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What Causes CO₂ Emissions?

What Causes CO₂ Emissions?

Understanding the causes and details of common problems is the necessary first step towards resolution in any situation. When we think about the state of the Earth today, it's no secret that there are large problems such as air pollution and climate change that, unless they are resolved, will continue to plague us well into the future and negatively affect the lives of our children and grandchildren. We have enough information today to know that CO₂ emissions can be detrimental to the health of our planet and that there are ramifications of ongoing pollution on both humans and animals as well. But what many may not understand is where all of these CO₂ emissions come from – how they are produced, why they are produced, and how we can make positive changes to adapt and move away from our dependency on sources of CO₂ emissions in the pursuit of a cleaner world.

Ever since we started mass-producing at the beginning of the Industrial Revolution, carbon dioxide (CO₂) has become an increasingly large problem that we now need to get a handle on and take responsibility for. As the Earth's population increases and we require more energy, more manufacturing, more food – more everything – to satisfy everyone's wants and needs, we end up burning more fossil fuels, generating excess carbon dioxide, and expecting that the planet can adapt and recuperate to suit our ever-growing desires – but that isn't how it works. We need to recognize which activities are primarily to blame for all of this excess CO₂ so that we can take action to make things right again.

Where Does It All Come From?

The Earth generates CO₂ inherently, even if you remove humans from the equation. All plants and animals emit CO₂, and our oceans absorb much of it at an alarming rate. Through photosynthesis, plants and trees also absorb CO₂ and turn it into oxygen. This all works rather well, but then we add the human factor back into the mix. Human sources of carbon dioxide account for the majority of excess CO₂ production, but it isn't because we breathe too much. An alarming 87% of CO₂ emissions produced by humans are credited to the burning of fossil fuels including oil, coal, and natural gas. If we can acknowledge that we are the ones who are upsetting the natural balance of CO₂ in our atmosphere, we can pinpoint the excess into a few main categories.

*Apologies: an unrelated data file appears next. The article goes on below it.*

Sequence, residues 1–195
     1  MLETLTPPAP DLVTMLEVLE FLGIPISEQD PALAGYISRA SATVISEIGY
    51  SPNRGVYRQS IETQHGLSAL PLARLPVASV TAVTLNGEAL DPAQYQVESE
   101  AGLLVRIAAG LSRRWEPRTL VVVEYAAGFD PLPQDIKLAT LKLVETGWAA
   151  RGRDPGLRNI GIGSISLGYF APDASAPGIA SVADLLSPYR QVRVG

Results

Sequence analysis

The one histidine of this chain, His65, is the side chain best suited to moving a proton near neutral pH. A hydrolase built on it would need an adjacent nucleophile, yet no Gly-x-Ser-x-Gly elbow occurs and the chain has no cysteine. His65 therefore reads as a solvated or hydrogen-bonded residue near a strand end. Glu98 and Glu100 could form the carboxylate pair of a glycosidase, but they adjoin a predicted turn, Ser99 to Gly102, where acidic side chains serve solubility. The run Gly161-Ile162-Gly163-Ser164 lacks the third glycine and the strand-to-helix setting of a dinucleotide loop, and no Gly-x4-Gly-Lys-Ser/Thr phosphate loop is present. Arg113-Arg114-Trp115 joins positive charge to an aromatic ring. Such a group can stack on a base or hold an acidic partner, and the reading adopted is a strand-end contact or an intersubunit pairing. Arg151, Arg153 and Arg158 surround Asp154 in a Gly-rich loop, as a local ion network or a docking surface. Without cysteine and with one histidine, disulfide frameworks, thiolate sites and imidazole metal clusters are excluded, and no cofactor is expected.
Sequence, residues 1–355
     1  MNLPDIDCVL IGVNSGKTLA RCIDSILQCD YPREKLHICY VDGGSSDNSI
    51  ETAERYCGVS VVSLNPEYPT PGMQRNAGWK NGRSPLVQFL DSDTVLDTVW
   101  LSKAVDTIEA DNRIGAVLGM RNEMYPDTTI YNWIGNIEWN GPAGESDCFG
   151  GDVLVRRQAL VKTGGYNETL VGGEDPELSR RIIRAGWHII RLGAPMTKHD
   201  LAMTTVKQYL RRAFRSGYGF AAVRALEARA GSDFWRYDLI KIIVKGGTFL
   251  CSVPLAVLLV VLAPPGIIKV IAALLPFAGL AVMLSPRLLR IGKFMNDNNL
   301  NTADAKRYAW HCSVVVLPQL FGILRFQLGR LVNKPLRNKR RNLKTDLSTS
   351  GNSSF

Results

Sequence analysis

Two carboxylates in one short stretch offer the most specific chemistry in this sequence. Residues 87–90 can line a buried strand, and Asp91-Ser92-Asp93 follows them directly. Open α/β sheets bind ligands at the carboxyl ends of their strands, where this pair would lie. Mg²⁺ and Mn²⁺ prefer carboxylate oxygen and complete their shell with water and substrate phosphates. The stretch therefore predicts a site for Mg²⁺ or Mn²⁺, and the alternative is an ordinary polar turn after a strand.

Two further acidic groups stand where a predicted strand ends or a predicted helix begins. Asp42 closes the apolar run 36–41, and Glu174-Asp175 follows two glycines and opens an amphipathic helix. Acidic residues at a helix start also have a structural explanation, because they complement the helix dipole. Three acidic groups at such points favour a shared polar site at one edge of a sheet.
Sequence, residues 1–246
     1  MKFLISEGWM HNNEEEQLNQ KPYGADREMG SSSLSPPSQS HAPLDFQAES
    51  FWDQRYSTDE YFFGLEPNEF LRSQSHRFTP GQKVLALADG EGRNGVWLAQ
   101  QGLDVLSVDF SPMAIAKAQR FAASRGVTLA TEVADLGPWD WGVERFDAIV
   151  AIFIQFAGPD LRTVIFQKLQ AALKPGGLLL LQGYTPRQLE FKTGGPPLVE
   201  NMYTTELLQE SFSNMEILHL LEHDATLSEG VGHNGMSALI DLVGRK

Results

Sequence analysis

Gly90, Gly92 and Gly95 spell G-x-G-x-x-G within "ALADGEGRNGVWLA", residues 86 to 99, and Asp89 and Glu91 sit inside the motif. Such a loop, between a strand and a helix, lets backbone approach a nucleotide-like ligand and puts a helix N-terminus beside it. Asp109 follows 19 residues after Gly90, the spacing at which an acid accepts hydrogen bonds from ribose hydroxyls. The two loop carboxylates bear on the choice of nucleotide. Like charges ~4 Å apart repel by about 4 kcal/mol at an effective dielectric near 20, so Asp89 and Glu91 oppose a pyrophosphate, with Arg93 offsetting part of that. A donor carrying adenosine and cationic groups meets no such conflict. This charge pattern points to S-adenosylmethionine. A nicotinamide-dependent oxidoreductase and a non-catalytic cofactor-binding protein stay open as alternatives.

Heat & Electricity

The most prominent human-produced carbon dioxide source is the energy industry, responsible for providing electricity, heating, and cooling for our homes, schools, offices, commercial buildings, factories, and more. Most of our time is spent indoors and it means that a considerable amount of electricity is used for lighting, water heating, appliances, and HVAC systems. As technology advances, we also grow increasingly dependent on our various devices and tools that take up even more resources and create further demand on our energy sector. This means more power plants, more fossil fuels, and more pollution. That said, this is also one of the easiest areas where we can reduce our consumption and cut back on carbon dioxide emissions.